Some extravagances are worth the money. Consider this week's test car, the 2004 Cadillac XLR roadster.
It is the car as abstract art, a sculptured ode to the spirit of driving -- the speed, freedom and beauty of it. There is something timeless in its promise of unfettered movement, of going from one place to another just for the sheer joy of it, and doing it in a style that defies imitation.
Nuts & Bolts|
Downside: Tall people said they felt cramped in the XLR's tight, two-seat cabin. It felt just right to me. But I'm a short dude.
Ride, acceleration and handling: Excellent ride -- in fact, surprisingly good for a roadster, especially on less-than-perfect roads where roadsters and similar sports cars tend to give you a beating. Excellent acceleration. Handling is excellent at highway speeds. But that grade falls to "good" in city traffic, where the XLR's weight of 3,547 pounds becomes more pronounced.
Head-turning quotient: Rarely have I been in a car that attracted as much attention, pro and con, as the XLR. It generates enough passion to start a cult.
Body style/layout: The XLR is a front-engine, rear-wheel-drive, two-door, two-seat roadster equipped with an automatically retractable hardtop (glass rear window with defogger).
Engine/transmission: The car's 4.6-liter, 32-valve, double overhead-cam Northstar V-8 engine develops 320 horsepower at 6,400 revolutions per minute and 310 foot-pounds of torque at 4,400 revolutions per minute. The engine is linked to an electronically controlled five-speed automatic transmission that also can be operated manually.
Capacities: Seats two people. Carries 11.6 cubic feet of cargo with its top up, the equivalent of a couple of overnight bags. When the top is retracted, that drops to 4.4 cubic feet. Gasoline tank holds 18 gallons. Regular unleaded gasoline is okay.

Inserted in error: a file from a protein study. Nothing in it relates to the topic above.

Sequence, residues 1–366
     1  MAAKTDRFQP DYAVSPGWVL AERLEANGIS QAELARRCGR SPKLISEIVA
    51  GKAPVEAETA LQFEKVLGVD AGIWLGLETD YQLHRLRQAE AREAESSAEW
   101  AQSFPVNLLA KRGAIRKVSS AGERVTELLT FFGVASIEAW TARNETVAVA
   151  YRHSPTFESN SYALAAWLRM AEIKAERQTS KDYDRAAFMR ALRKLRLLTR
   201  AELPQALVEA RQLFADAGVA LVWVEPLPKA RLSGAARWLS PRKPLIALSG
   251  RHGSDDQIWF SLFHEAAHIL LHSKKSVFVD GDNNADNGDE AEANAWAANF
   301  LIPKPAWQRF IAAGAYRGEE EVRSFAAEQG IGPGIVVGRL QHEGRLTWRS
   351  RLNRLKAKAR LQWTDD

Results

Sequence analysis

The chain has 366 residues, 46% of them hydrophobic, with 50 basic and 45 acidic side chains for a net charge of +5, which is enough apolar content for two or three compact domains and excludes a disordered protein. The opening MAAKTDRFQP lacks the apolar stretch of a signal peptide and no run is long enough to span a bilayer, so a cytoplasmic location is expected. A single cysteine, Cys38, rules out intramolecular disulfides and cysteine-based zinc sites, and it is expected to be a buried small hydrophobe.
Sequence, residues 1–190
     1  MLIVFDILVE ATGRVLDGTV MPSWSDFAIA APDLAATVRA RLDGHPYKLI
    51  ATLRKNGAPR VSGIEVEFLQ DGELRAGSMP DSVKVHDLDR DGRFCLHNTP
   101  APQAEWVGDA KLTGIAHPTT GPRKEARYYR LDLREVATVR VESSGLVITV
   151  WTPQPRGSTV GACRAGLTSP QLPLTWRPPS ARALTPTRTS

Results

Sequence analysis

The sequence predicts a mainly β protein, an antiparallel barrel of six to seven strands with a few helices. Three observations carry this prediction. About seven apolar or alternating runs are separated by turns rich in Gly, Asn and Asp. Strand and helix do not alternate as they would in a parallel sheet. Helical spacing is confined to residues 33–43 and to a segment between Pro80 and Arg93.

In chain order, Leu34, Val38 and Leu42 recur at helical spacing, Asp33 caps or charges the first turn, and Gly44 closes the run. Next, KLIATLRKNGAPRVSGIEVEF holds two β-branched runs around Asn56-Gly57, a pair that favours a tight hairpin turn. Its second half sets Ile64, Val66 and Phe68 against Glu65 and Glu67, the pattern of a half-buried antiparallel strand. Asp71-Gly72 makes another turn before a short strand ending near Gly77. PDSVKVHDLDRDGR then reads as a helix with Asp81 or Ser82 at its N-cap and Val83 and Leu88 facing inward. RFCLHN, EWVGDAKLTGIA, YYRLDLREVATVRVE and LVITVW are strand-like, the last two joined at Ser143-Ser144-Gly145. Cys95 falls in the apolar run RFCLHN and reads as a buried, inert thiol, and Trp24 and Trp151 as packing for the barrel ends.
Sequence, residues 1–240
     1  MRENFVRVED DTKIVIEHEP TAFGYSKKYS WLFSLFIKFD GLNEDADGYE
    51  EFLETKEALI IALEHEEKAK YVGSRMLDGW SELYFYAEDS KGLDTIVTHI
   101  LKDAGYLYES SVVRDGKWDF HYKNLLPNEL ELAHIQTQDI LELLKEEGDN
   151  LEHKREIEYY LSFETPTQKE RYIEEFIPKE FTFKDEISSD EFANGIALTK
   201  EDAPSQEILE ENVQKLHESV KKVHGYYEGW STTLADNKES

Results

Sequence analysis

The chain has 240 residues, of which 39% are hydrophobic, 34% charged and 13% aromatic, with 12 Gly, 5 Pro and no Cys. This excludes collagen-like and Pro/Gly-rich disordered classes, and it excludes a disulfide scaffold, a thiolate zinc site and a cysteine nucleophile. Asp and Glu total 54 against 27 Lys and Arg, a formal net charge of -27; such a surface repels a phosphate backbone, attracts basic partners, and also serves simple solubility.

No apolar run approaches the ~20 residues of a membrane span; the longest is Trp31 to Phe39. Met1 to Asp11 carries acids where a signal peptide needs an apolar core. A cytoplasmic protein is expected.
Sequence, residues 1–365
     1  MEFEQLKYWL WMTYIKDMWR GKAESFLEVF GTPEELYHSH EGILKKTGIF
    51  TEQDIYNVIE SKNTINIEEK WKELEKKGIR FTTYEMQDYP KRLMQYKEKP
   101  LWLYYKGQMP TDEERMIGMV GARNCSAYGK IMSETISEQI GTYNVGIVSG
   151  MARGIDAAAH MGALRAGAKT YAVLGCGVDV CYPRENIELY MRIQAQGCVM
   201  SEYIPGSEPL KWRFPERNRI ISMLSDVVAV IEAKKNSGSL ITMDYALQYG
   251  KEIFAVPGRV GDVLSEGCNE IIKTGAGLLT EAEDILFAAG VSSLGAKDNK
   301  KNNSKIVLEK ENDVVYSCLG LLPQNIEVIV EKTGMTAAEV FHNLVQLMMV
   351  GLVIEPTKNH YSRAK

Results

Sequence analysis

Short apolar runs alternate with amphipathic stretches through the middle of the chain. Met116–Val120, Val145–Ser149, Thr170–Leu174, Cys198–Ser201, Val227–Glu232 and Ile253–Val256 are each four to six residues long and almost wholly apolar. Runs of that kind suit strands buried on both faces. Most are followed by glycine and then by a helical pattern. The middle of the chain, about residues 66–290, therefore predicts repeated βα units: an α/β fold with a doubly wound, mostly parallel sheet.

Mileage: I averaged 23 miles per gallon, mostly in highway travel.
Safety: Front/rear ventilated disc brakes with anti-lock protection; standard traction and stability control; dual front air bags with head protection, side air bags.
Technical highlight: GM's "Magnetic Ride Control" active suspension system. Using sensors, it "reads" the road 1,000 times per second -- completely reading every inch of the road at a speed of 60 miles per hour -- and makes instant, multiple suspension adjustments to create a smooth ride.
Price: Base price is $75,385 with a dealer invoice price on the base model of $69,731, according to Edmunds.com. Price as tested is $76,525, including $325 for XM Satellite Radio installation and an $815 destination charge.
Purse-strings note: You can bargain. Compare with Jaguar XK-8, Lexus SC430, Mercedes-Benz SL500 and Porsche 911 Carrera. Also note that the Cadillac XLR remains virtually unchanged for 2005.
It is a completely polarizing car, and that pleases me immensely. The artists, poets and musicians I love don't hold committee meetings before they create. They don't hire focus groups. They reach within themselves for the expression of an idea. They look for something different and, often as a result, see things differently. That is the case with the Cadillac XLR.